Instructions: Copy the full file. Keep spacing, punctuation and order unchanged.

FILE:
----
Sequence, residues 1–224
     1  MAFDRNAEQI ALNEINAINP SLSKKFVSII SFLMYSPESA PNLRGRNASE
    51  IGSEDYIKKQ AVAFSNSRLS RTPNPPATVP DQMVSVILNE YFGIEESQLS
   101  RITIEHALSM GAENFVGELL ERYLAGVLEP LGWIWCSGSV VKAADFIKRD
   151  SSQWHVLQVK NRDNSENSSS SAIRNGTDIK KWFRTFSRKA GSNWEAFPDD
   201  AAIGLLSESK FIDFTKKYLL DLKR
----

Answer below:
Sequence, residues 1–224
     1  MAFDRNAEQI ALNEINAINP SLSKKFVSII SFLMYSPESA PNLRGRNASE
    51  IGSEDYIKKQ AVAFSNSRLS RTPNPPATVP DQMVSVILNE YFGIEESQLS
   101  RITIEHALSM GAENFVGELL ERYLAGVLEP LGWIWCSGSV VKAADFIKRD
   151  SSQWHVLQVK NRDNSENSSS SAIRNGTDIK KWFRTFSRKA GSNWEAFPDD
   201  AAIGLLSESK FIDFTKKYLL DLKR